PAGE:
After nearly four decades as a lawyer and 30 years teaching would-be lawyers, and after writing a leading textbook on constitutional law and helping establish a law school, and after standing before the justices five times on behalf of his clients, Erwin Chemerinsky has fallen out of love with the Supreme Court. His break-up note runs for 342 pages and is called "The Case Against the Supreme Court." The book makes its regretful message clear at the very beginning: "We should realize that this is an emperor that truly has no clothes. For too long, we have treated the Court is if they are the high priests of the law, or at least as if they are the smartest and best lawyers in society." His conclusion? "The court has frequently failed, throughout American history, at its most important tasks, at its most important moments. This is not easy for me to conclude or to say."

To counter gun violence, researchers seek deeper data

For the first time in nearly two decades, federal money is beginning to flow into gun violence research. And there's growing momentum behind creating a reliable national reporting database for firearm injuries and deaths. Top trauma hospitals will help to get a better picture of the scope of the problem, so states can better target their prevention programs. They are trying to better understand who's getting hurt and who's dying from gun violence, where and when — and even why. By analogy, there are such data systems, and have been for decades, for motor vehicle injuries, and that sort of continuing flow of data has done a great deal to shape our efforts to prevent motor vehicle injuries. There have been some early successes: a suicide prevention program in Oregon and a homicide crackdown in Oklahoma, for starters.

What drives abortion: the law or income?

About 50,000 women worldwide die because of unsafe abortions. Five million more are admitted to hospitals with complications after the procedure. Activists and researchers on both sides of the abortion debate agree that these "back-alley" operations are dangerous for women. It's figuring out the best way to stop them that has been contentious. One approach has been to make abortion illegal. But evidence is accumulating that this strategy doesn't work. And it may even backfire. Many studies have shown that making abortions illegal doesn't decline the number of abortions. Women just resort to unsafe providers more often. Rates of maternal deaths declined when countries soften restrictive abortion laws — presumably because of a decline in unsafe abortions. Simply changing the law is not enough to reduce dangerous operations. Women need to know that abortions are legal, and providers need to be trained to do safe abortions, to deal with complications. And supplies need to be in place.

Russia moves to protect its 'information sovereignty'

Russia's parliament, the Duma, approved a bill on Friday that would limit foreign ownership of Russian media to less than 20 percent. Critics say the measure means big changes for Russia's media landscape and much tighter controls of information by the Kremlin. Putin is expected to sign the measure into law next week. And if he does, these publications will have to sell most of their shares to Russian buyers or else out shut down. Lawmakers who sponsored the measure say it's necessary to curb foreign influence on Russia's information space. When national lawmakers protect their own markets, the goal is clear - to protect national sovereignty. The bill targets nearly half the publications on display at this news kiosk in Central Moscow. The foreign-owned publications that are seen as most subversive include Forbes and the Business Daily newspaper Vedomosti, which is co-owned by the Financial Times, The Wall Street Journal and the Russian publishing house Sonoma. Both often run articles and columns that are seen as critical of the government and its connections with Russian business.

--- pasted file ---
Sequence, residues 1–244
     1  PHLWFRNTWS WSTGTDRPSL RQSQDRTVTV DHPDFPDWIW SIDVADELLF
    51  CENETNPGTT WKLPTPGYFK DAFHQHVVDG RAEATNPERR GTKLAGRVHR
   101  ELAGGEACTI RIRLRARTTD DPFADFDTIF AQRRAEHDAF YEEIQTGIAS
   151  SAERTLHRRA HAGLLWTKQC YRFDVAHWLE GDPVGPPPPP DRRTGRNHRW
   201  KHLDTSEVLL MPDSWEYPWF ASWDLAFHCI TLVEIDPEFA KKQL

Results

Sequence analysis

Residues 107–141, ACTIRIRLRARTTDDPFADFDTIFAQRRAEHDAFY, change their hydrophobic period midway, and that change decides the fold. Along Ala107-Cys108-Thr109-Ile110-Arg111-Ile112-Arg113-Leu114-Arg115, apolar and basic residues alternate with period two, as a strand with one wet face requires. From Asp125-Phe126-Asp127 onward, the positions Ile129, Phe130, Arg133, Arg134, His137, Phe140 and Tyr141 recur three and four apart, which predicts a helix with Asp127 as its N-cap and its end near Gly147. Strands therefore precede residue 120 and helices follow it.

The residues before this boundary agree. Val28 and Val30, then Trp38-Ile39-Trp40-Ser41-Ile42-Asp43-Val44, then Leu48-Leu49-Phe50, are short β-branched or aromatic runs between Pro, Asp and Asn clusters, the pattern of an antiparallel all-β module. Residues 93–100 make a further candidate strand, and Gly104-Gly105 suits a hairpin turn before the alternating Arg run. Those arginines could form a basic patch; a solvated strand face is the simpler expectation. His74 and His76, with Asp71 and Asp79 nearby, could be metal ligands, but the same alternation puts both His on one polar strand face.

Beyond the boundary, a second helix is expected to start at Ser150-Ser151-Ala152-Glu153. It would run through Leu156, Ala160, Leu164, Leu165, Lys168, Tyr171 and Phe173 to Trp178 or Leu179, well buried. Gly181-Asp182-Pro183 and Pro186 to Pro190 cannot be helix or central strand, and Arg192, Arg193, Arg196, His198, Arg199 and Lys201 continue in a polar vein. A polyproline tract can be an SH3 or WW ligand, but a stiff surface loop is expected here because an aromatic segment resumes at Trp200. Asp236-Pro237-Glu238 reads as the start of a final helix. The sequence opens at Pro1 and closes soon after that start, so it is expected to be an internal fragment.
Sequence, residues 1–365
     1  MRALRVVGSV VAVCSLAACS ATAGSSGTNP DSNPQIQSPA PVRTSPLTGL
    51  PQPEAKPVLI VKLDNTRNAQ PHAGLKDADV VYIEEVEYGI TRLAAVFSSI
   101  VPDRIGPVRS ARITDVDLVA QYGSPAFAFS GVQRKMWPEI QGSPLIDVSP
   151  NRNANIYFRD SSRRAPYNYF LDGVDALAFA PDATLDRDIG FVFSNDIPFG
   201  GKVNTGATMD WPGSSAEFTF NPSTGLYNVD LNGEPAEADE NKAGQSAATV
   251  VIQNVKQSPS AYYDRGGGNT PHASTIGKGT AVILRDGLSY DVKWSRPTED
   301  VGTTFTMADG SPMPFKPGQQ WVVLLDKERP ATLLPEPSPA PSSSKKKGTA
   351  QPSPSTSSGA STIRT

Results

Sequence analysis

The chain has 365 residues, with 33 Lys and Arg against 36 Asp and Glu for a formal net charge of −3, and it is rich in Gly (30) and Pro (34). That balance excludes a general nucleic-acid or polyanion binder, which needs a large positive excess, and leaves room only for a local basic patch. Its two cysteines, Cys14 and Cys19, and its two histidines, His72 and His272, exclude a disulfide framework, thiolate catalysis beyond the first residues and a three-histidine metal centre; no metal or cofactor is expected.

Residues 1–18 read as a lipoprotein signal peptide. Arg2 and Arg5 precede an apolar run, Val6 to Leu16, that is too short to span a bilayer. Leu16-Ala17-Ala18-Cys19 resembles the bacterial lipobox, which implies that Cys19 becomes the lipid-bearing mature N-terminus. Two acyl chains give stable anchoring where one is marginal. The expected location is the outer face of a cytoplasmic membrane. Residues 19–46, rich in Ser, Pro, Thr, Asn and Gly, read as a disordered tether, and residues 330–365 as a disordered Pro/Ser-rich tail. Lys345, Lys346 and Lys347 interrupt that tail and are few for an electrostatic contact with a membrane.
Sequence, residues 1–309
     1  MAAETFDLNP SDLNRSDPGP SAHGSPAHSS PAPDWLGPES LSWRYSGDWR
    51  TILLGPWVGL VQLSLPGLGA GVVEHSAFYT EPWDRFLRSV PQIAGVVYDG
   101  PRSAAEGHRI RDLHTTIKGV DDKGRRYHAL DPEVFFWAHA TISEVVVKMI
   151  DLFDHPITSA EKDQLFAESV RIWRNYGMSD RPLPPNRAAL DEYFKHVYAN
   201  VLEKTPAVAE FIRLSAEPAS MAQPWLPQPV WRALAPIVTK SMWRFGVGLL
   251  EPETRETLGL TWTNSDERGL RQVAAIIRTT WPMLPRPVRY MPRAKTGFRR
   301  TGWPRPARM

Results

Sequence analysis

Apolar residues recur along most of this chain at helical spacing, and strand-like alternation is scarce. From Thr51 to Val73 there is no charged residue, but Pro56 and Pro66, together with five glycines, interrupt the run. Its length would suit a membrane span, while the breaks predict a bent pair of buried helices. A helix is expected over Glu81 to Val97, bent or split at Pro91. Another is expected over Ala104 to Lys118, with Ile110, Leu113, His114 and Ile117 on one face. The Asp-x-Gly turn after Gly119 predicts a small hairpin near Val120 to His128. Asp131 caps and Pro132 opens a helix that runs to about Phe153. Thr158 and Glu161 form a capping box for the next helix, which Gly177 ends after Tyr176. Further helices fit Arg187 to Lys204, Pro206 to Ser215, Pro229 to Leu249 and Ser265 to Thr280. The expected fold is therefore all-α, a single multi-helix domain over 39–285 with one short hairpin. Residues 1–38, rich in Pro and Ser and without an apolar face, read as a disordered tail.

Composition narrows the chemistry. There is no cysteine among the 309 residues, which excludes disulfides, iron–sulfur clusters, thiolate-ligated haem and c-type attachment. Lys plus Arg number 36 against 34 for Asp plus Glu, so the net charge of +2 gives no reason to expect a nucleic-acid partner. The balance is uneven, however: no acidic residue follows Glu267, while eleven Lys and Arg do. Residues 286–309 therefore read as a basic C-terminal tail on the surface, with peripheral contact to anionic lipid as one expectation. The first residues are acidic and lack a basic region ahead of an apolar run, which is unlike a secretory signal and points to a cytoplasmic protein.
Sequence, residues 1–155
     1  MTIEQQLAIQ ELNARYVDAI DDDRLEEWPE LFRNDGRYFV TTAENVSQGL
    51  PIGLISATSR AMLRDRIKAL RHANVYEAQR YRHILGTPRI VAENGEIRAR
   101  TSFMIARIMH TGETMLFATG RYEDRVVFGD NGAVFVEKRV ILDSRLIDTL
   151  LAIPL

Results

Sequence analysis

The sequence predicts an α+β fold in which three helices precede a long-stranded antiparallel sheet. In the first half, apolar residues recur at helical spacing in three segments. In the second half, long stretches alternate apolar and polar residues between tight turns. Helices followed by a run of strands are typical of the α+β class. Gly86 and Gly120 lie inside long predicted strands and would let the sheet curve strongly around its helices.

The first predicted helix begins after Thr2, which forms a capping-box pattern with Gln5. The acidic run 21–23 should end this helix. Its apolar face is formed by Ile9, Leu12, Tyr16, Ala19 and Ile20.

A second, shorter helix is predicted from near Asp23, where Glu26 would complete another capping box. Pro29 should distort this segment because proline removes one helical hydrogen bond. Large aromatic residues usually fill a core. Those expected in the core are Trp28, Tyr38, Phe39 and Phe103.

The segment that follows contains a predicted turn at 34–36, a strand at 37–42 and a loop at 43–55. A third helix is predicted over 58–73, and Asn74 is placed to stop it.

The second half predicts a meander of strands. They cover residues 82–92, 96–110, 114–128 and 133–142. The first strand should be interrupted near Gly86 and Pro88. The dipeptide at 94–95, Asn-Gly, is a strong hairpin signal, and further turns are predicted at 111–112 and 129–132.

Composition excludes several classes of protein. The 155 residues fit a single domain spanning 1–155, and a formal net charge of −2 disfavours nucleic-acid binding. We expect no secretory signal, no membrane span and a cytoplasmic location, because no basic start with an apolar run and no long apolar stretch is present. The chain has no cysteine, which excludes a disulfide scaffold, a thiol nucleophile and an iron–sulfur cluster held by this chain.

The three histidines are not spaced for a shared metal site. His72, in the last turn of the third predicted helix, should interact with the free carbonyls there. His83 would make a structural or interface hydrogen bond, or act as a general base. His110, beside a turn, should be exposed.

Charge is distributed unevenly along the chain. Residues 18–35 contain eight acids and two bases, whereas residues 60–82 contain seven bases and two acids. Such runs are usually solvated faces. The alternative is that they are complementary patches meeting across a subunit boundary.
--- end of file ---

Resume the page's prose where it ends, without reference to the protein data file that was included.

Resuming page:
After bar exam scoring snafu, would-be lawyers get crushing news

What's worse than failing the bar exam? Getting told you passed and then finding out hours before your attorney swearing-in ceremony that you actually didn't make the cut.

Catalonia defies Spain as leader signs decree for breakaway vote

Catalonia's leader has set a November date for a vote on whether the northeast region of Spain should become independent. Spain's central government has said it will block the vote.

California Governor signs law reforming school discipline

California Governor Jerry Brown on Saturday signed into law on a bill which will prohibit schools from suspending students without proving the pupil willfully defied teachers and administrators. The bill specifically eliminates schools' authority to suspend pupils from kindergarten through third grade and the authority to expel a student from kindergarten through twelfth grade. California State Assemblyman and author of the bill Roger Dickinson stated in regards to the purpose of the new law, "k]ds who have been suspended or expelled are two times more likely to drop out and five times more likely to commit a crime."

India court convicts top official for corruption